Market rally due to corona vaccine news and how did the most promising IPO in history get suspended?
Mary Pieterse-Bloem, Professor of Financial Markets at Erasmus School of Economics and Global Head of Fixed Income at ABN Amro, is a guest at BNR Nieuwsradio. Among other things, she talks about the effect of the news of Pfizer's successful corona vaccine on the market, and the suspension of the largest IPO ever.
Pfizer has released promising news of a successful corona vaccine that would be effective and safe for 90%. This news resulted in a huge rally on the financial markets. According to Mary Pieterse-Bloem, this not only resulted in huge gains, but also a huge catch-up of so-called value stocks. These are shares that have lagged behind over the last period. Think in particular of stocks in the banking sector, the energy sector and the fossil industry. The question now is whether or not this trend will continue.
An unexpected turn of events
To everyone's amazement, the largest IPO ever held, by the Chinese payment platform Ant Group, was suspended. Pieterse-Bloem talks about her fascination with China and gives her opinion on this unexpected turn of events. ‘At first sight it looks like a power struggle between the public and the private sector. The reason why the IPO was called off is because of rules that have been brought to the surface regarding the provision of credit. These rules change the entire picture surrounding the valuation of this company. I think the government did this because it wants to keep control over the financial sector.’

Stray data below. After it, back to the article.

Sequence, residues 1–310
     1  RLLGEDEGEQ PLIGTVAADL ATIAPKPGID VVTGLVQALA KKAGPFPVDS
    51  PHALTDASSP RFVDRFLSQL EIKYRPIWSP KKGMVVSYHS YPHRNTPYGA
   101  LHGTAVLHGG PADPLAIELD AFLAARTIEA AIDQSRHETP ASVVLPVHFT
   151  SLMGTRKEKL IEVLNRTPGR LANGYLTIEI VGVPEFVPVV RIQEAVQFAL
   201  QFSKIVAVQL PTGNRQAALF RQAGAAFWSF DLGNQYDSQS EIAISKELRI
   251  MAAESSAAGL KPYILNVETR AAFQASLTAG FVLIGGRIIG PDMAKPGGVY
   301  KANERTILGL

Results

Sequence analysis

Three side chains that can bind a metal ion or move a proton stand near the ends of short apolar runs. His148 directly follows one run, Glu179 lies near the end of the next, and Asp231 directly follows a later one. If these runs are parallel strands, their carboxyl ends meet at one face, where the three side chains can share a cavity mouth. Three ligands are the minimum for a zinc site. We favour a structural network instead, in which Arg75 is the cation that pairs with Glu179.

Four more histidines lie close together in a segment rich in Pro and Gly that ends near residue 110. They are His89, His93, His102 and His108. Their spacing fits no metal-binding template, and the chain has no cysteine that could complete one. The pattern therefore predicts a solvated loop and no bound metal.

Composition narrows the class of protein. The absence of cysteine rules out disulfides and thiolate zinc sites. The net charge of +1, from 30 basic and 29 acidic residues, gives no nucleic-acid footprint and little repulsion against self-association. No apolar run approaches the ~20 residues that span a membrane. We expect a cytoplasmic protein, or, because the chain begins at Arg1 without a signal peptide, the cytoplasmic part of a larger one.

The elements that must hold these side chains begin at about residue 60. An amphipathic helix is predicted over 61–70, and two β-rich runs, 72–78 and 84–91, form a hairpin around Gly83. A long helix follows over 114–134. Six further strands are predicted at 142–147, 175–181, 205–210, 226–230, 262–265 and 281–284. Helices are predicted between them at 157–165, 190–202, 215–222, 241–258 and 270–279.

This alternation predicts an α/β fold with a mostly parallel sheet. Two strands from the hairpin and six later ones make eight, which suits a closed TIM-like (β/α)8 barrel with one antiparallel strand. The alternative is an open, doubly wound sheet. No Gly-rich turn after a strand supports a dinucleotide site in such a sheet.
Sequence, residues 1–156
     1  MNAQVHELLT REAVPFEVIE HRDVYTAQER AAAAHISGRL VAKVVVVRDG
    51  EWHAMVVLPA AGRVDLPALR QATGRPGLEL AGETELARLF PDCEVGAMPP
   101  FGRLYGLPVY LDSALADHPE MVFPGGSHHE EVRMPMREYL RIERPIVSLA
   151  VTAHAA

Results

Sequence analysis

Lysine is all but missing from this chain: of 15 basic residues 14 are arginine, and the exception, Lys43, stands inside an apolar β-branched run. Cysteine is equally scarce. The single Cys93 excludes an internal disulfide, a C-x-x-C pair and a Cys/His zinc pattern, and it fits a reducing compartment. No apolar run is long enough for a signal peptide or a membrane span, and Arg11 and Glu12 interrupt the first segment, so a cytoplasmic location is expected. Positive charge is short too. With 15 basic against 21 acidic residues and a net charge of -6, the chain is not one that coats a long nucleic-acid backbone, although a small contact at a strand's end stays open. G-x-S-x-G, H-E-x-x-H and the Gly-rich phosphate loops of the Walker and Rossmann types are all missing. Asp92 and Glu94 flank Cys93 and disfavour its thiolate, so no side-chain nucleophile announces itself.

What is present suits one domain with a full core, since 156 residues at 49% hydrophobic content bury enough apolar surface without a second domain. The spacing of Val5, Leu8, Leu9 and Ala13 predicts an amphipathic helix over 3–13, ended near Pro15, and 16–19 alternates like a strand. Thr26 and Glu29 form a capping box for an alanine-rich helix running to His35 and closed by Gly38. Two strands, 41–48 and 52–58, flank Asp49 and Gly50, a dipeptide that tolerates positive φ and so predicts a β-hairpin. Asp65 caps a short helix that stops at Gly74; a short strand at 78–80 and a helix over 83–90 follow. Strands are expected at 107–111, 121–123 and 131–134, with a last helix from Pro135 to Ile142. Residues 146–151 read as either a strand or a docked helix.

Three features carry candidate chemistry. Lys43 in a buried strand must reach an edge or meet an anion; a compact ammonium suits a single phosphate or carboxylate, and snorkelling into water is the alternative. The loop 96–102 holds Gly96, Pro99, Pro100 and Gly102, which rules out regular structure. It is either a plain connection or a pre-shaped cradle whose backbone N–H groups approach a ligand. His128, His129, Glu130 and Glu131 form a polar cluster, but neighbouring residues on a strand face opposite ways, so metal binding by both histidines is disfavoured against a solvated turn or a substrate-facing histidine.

‘The amazing thing about this story is that such an IPO is in the making for months. The preparations are enormous. And it's unbelievable that certain rules only surface at the very last moment.’ Pieterse-Bloem believes that, despite China's motives, there are no winners in this story. ‘China does not benefit from this and neither do all the other companies that still want to enter the market. China is currently trying to open up its capital markets to attract foreign investors. That's also why you see a lot of confusion among analysts.’